When sitting in a quiet theatre or a packed train, stifling a sneeze by holding the nose and closing the mouth may seem like the courteous option.
But doctors have warned against the polite practice, after a man ruptured the back of his throat while trying to contain the convulsive explosion of air.
The 34-year-old was admitted to hospital barely able to swallow or speak after pinching his nose and clamping shut his mouth to stop a sneeze.
When doctors examined him they also heard strange popping and crackling sounds, which extended from his neck all the way down to his ribcage.
A scan confirmed that that air from his lungs had bubbled its way into the deep tissue and muscles of the chest when it could not escape.
Ear, nose and throat specialists at the University Hospitals of Leicester NHS Trust released details of the man’s condition in BMJ Case Reports and warned that trying to contain a forceful sneeze could lead to ‘numerous complications’ and even a lethal brain aneurysm.
“Halting sneezing via blocking the nostrils and mouth is a dangerous manoeuvre, and should be avoided,” said lead author Dr Wanding Yang.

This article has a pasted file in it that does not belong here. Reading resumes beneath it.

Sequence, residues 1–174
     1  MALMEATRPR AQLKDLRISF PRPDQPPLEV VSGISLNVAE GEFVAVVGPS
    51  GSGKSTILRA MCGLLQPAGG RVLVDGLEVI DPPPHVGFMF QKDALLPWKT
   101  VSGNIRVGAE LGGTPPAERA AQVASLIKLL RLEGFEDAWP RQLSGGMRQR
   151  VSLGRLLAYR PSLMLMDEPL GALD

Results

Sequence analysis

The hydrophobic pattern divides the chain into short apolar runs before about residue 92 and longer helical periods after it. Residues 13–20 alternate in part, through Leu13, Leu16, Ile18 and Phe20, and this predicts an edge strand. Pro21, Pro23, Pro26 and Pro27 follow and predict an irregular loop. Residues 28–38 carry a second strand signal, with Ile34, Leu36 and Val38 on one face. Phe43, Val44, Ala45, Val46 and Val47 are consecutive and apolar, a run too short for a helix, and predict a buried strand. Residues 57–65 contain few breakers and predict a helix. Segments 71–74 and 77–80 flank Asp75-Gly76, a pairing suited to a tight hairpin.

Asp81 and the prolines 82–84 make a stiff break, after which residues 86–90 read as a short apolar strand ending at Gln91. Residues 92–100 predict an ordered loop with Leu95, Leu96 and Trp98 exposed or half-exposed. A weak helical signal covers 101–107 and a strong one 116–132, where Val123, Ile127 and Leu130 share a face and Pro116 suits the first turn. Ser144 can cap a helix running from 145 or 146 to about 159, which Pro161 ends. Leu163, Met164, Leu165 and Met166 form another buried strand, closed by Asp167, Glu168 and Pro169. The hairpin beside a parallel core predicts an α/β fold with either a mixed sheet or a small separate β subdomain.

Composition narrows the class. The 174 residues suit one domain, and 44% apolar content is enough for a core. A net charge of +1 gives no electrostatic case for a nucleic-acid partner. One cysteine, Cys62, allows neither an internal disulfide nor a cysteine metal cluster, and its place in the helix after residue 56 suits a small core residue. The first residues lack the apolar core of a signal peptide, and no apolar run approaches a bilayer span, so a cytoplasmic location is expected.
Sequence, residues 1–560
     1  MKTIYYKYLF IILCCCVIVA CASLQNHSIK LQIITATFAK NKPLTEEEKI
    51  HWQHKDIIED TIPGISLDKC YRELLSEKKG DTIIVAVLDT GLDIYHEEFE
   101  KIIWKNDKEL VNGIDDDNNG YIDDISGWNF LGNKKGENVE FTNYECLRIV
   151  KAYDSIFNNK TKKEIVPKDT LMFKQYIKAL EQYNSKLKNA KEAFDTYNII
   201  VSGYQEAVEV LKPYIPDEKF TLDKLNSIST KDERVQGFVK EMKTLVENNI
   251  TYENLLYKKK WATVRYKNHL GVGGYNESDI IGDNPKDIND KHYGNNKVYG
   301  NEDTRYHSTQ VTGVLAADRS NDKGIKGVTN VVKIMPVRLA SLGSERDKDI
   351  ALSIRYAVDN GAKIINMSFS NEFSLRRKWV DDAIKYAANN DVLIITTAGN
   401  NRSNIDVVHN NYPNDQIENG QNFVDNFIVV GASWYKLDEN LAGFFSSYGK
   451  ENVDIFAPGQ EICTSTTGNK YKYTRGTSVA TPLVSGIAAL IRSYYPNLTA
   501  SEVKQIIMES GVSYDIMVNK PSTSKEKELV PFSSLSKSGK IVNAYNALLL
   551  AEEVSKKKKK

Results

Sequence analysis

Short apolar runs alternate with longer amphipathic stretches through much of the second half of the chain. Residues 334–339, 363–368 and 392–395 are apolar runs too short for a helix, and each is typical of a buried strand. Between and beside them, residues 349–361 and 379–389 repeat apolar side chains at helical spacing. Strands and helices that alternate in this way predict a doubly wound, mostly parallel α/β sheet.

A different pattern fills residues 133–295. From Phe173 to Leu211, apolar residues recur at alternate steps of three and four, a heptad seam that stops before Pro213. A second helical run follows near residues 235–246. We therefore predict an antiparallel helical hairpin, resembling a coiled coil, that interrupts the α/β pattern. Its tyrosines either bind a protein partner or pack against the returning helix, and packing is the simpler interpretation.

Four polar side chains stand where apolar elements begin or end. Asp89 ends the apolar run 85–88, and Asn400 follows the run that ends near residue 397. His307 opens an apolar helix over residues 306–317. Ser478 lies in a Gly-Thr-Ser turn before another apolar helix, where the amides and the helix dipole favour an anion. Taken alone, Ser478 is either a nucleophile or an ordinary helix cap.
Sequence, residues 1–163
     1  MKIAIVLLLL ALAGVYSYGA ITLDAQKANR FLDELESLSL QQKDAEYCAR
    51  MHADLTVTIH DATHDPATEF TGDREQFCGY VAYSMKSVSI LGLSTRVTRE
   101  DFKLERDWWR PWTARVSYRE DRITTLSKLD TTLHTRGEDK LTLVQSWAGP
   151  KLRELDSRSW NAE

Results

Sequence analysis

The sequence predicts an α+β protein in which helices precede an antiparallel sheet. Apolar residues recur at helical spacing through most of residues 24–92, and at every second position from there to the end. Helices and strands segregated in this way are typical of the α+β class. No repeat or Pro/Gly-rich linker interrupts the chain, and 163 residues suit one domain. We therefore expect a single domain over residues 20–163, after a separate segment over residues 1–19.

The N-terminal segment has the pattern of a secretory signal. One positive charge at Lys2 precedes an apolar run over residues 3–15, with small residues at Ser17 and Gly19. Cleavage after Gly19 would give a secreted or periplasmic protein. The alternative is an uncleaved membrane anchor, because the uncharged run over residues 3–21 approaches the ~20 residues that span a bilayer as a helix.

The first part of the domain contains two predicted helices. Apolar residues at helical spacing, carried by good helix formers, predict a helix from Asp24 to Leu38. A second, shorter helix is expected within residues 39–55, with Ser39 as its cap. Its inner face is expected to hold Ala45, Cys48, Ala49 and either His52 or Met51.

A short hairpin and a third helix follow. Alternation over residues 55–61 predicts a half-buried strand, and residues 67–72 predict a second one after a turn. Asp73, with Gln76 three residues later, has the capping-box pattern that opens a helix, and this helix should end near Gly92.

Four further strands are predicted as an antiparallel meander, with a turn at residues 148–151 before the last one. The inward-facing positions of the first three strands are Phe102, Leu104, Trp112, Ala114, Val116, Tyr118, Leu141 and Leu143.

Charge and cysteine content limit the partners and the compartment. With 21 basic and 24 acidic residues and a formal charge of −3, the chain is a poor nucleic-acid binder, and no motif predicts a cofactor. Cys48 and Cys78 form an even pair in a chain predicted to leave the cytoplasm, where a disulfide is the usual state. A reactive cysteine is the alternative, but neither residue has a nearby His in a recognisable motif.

"It may lead to numerous complications, such as pseudomediastinum (air trapped in the chest between both lungs), perforation of the tympanic membrane (perforated eardrum), and even rupture of a cerebral aneurysm (ballooning blood vessel in the brain).”
Doctors said the man’s condition was similar to Boerhaave’s syndrome in which the esophagus is torn as a result of intense retching or vomiting. But in his case the build up of pressure from the trapped sneeze caused a rupture higher up in the throat, at the pharynx, which is situated just behind the tongue.
Sneezes are powerful, travelling up to 200 mph, according to MIT scientists, with the power to eject debris up to 25 feet.
Previously people have been admitted to hospital suffering from burst eardrums, ruptured blood vessels in the eyes, damaged facial nerves, pulled muscles and even cracked ribs from trying to contain the huge force.
Doctors say a sneeze, or sternutation, is intended to release foreign, and potentially damaging, particles, irritants or germs. Stopping it not only risks rupturing the throat, but could encourage the build of bacteria or trigger an asthma attack.
The patient was admitted to hospital where he was fed by a tube and given intravenous antibiotics until the swelling and pain had subsided.
After seven days the man, who has not been identified, was well enough to be discharged with the advice not to block both nostrils when sneezing in future.
And for people still needing to suppress a sneeze, experts advise rubbing the nose, breathing heavily through the nose, or rubbing the area above the lip.